Says John Podhoretz of this piece, “And the Mitt Romney, Most Inauthentic Politician in America, Drive to the Presidency continues.” I know our resident Palinistas can’t wait to point out that she was leading on this issue while Mitt was holding back until the very day of the Senate vote, so go on. Gloat. You know you wanna.

The deal has several key features. It reduces payroll taxes, extends unemployment benefits and keeps current tax rates intact. So far, so good. But intermixed with the benefits are considerable costs of consequence. Given the unambiguous message that the American people sent to Washington in November, it is difficult to understand how our political leaders could have reached such a disappointing agreement. The new, more conservative Congress should reach a better solution…

For those without jobs, the tax compromise extends unemployment benefits for 13 months. A decent and humane society must have a strong safety net for the unemployed. I served for 15 years as a lay pastor in my church and saw the heartbreak of joblessness up close; a shattering loss of faith in oneself is but only one of many forms the suffering can take. Nonetheless, the vital necessity of providing for those without work should not be used as an excuse to ignore the very real problems of our unemployment system.

In this, as in so many other arenas of government policy, unemployment insurance has many unintended effects. The indisputable fact is that unemployment benefits, despite a web of regulations, actually serve to discourage some individuals from taking jobs, especially when the benefits extend across years…

To remedy such problems we need a very different model, perhaps establishing individual unemployment savings accounts over which employees would exercise direct control when they lose their jobs, or putting in place financial incentives for employers to hire and train the long-term unemployed. One thing is certain: While we cannot rebuild our flawed system overnight, we are surely not required to borrow the funds to pay for it. In spending $56.5 billion to extend benefits, the deal is sacrificing the bedrock Republican principle that new expenditures be paid for with offsetting budget cuts.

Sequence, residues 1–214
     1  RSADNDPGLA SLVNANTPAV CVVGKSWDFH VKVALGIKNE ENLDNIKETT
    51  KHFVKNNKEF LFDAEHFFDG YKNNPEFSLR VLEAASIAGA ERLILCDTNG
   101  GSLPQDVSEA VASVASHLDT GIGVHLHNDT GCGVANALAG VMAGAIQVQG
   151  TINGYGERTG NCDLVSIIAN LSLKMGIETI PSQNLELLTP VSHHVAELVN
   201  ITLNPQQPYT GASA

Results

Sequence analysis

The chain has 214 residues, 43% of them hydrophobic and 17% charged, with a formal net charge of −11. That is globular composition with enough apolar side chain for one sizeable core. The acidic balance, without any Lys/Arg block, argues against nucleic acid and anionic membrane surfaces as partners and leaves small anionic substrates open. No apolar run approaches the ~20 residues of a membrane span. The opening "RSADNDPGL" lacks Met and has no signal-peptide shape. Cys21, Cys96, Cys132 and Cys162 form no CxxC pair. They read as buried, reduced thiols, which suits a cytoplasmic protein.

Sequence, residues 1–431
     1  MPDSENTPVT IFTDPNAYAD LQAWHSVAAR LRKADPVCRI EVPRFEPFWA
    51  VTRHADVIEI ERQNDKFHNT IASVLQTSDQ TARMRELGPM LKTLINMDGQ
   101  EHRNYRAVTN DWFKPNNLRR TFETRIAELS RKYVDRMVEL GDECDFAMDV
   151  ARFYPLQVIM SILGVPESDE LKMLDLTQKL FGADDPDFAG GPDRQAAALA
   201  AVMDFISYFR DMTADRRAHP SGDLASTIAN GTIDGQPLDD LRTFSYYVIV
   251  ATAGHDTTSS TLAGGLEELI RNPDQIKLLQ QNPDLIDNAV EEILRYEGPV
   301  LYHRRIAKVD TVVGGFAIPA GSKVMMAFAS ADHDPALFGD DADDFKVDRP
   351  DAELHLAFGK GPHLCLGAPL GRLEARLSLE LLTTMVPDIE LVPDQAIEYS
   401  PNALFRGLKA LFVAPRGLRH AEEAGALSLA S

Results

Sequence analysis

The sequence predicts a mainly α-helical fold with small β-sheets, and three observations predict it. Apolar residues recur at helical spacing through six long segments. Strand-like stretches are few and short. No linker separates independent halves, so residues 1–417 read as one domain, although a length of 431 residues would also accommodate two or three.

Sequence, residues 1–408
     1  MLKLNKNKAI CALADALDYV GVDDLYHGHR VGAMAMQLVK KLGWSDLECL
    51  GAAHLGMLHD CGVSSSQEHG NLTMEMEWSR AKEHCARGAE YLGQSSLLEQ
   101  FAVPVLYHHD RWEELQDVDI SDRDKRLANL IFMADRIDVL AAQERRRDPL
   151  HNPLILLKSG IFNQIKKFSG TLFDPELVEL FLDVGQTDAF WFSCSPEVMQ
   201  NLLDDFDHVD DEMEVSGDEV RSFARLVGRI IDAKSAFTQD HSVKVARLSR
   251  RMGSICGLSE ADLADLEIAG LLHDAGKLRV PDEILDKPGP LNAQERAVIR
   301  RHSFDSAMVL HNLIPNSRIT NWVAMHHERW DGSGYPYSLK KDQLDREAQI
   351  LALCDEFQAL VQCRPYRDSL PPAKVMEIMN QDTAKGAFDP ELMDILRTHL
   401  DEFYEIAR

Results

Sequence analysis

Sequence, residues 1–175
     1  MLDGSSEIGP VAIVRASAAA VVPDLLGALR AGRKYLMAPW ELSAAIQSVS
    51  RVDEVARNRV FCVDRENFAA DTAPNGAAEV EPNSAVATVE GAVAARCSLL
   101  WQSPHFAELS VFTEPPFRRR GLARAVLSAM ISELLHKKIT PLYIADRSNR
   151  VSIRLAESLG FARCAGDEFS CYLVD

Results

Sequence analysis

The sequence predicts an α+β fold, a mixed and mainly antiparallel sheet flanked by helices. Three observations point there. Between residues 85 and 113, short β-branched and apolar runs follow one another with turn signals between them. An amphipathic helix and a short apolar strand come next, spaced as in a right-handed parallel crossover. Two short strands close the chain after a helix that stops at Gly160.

Thus did Mitt cover his ass ahead of the 2011 primaries, where support for the new porkier tax cuts compromise will no doubt be a litmus test for grassroots righties. Interestingly, at last check, Huckabee is still in favor of the deal, telling National Journal in an interview published this morning, “I think it’s the best anyone can hope for at this point,” before proceeding to dump all over Obama for his angry press conference last week. Huck’s been working hard over the past two years to try to repair the image of him as a “big government conservative,” backing hardcore tea party candidates and ripping every Obama spending program to come down the pike. I wonder if he’s simply been caught flat-footed on this or whether it’s a deliberate strategy to appeal to centrists. (Gingrich currently supports the compromise too.)

Here’s Obama’s statement this afternoon after the Senate voted for cloture on the bill, 83-15(!). As I write this, Politico is reporting that House Democrats want to incorporate a bill they passed earlier this year raising the estate tax rate to 45 percent into their version of the tax cuts bill; Blue Dogs probably won’t go for that, so we’ll see how Madam Soon-To-Be-Ex-Speaker plays it. Meanwhile, you’ll be pleased to know that your president is now going around telling people that the GOP might try to end the tax cuts for the middle class in two years. Consider that another sneak preview for 2012, one that’ll keep FactCheck.org busy for most of the campaign, I suspect.